Drawn from a unique collection of sources, including repatriation files, these stories reveal a broken and suffering generation – gentle men driven to violence, mothers sent insane with grief, the hopelessness of rehabilitation and the quiet, inescapable sadness of loss.
A hundred years after the end of the Great War, World War One: A history in 100 stories aids our understanding of that conflict and will change the way we remember so many lost lives.
Australians have been making pilgrimages to the battlefields and cemeteries of World War Two since the 1940s, from the jungles of New Guinea and South-East Asia to the mountains of Greece and the deserts of North Africa. They travel in search of the stories of lost loved ones, to mourn the dead and to come to grips with the past. With characteristic empathy, Bruce Scates charts the history of pilgrimages to Crete, Kokoda, Sandakan and Hellfire Pass. He explores the emotional resonance that these sites have for those who served and those who remember. Based on surveys, interviews, extensive fieldwork and archival research, Anzac Journeys offers insights into the culture of loss and commemoration and the hunger for meaning so pivotal to the experience of pilgrimage. Richly illustrated with full-colour maps and photographs from the 1940s to today, Anzac Journeys makes an important and moving contribution to Australian military history.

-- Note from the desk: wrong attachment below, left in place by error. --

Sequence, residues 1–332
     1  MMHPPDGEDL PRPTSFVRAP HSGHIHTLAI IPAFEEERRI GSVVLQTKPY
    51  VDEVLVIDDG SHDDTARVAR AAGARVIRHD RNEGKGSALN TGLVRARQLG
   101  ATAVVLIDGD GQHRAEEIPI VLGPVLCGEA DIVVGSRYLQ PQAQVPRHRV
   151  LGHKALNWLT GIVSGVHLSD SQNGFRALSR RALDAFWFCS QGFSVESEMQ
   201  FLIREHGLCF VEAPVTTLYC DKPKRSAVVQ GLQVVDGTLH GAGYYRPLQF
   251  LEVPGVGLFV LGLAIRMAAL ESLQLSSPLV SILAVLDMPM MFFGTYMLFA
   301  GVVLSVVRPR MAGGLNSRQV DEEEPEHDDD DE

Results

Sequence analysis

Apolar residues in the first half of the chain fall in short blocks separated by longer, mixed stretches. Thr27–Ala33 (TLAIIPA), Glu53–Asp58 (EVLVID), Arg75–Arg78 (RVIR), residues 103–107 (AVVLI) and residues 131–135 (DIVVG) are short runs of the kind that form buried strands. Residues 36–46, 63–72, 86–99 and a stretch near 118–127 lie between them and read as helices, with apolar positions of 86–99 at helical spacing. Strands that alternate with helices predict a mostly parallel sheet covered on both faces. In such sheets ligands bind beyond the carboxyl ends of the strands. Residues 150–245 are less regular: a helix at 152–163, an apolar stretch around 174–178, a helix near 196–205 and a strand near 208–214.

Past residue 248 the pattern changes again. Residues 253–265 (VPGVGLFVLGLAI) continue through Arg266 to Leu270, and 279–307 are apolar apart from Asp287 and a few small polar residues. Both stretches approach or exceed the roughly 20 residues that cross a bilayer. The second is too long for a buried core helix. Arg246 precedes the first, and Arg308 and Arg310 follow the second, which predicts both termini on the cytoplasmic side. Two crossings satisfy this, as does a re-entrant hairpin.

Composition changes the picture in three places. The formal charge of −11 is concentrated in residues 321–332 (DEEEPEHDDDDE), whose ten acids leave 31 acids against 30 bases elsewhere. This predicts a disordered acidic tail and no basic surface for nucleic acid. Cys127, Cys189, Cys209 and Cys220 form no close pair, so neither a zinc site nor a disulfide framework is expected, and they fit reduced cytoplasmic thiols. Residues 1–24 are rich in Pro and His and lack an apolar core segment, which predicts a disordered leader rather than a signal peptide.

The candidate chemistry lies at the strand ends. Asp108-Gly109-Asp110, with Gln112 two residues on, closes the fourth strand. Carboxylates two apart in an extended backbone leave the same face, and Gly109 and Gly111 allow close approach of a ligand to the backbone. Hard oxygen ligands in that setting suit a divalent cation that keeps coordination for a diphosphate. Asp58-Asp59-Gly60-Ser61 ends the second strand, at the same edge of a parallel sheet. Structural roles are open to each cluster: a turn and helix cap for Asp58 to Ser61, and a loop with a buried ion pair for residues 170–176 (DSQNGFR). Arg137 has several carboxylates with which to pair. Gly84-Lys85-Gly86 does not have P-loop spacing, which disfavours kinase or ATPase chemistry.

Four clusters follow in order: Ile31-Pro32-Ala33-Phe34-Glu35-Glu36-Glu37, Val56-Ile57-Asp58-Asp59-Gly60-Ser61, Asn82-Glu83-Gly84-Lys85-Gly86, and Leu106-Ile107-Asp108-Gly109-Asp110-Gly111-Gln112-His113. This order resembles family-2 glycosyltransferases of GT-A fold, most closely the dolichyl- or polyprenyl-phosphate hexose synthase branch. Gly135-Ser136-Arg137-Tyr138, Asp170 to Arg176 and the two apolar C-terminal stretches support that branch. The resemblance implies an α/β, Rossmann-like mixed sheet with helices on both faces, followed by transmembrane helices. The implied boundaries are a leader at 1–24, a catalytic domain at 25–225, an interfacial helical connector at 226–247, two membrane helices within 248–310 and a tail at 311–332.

‘This book is an astonishing achievement, at once sensitive, thoughtful, moving.’
Professor Jay Winter
In the lead up to the centenary of Anzac, one of Australia’s leading historians changes the way we see Gallipoli. Faultless research and compelling narrative shape an ‘imagined history’ and enriches our understanding of the Great War.
On the day Australians charge the Nek, a man goes missing at Gallipoli. The woman who loved him and the soldiers who served alongside him begin their search. In 1919, historian CEW Bean returns to Anzac, to solve one of the greatest mystery of the campaign, to discover Gallipoli’s secret.